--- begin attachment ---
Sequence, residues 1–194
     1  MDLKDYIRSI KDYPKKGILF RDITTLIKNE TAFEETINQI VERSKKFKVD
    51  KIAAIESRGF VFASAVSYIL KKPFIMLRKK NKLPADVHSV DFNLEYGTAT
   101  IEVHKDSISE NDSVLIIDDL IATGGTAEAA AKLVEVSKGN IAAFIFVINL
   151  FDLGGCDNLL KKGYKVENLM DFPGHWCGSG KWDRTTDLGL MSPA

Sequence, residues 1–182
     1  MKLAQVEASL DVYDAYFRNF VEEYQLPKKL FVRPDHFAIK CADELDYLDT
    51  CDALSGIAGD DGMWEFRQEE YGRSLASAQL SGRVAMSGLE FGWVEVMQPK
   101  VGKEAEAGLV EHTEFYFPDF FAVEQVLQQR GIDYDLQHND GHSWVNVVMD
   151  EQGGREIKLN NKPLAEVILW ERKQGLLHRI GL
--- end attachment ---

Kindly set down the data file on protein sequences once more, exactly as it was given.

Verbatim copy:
Sequence, residues 1–194
     1  MDLKDYIRSI KDYPKKGILF RDITTLIKNE TAFEETINQI VERSKKFKVD
    51  KIAAIESRGF VFASAVSYIL KKPFIMLRKK NKLPADVHSV DFNLEYGTAT
   101  IEVHKDSISE NDSVLIIDDL IATGGTAEAA AKLVEVSKGN IAAFIFVINL
   151  FDLGGCDNLL KKGYKVENLM DFPGHWCGSG KWDRTTDLGL MSPA

Sequence, residues 1–182
     1  MKLAQVEASL DVYDAYFRNF VEEYQLPKKL FVRPDHFAIK CADELDYLDT
    51  CDALSGIAGD DGMWEFRQEE YGRSLASAQL SGRVAMSGLE FGWVEVMQPK
   101  VGKEAEAGLV EHTEFYFPDF FAVEQVLQQR GIDYDLQHND GHSWVNVVMD
   151  EQGGREIKLN NKPLAEVILW ERKQGLLHRI GL